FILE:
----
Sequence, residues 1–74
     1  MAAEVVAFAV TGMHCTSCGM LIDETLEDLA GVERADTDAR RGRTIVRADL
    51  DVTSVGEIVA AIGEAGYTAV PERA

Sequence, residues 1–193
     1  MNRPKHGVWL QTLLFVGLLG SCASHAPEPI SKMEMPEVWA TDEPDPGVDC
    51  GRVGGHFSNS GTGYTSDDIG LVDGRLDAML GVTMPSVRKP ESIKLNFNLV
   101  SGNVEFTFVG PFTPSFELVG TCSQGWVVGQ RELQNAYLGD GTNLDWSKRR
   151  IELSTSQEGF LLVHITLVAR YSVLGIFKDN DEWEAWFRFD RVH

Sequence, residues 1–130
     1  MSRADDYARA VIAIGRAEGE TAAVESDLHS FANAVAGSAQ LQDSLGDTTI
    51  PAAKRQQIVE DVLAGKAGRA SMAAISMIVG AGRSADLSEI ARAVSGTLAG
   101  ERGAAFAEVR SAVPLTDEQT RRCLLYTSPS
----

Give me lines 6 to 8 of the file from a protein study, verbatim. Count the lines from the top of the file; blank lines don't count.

    51  GRVGGHFSNS GTGYTSDDIG LVDGRLDAML GVTMPSVRKP ESIKLNFNLV
   101  SGNVEFTFVG PFTPSFELVG TCSQGWVVGQ RELQNAYLGD GTNLDWSKRR
   151  IELSTSQEGF LLVHITLVAR YSVLGIFKDN DEWEAWFRFD RVH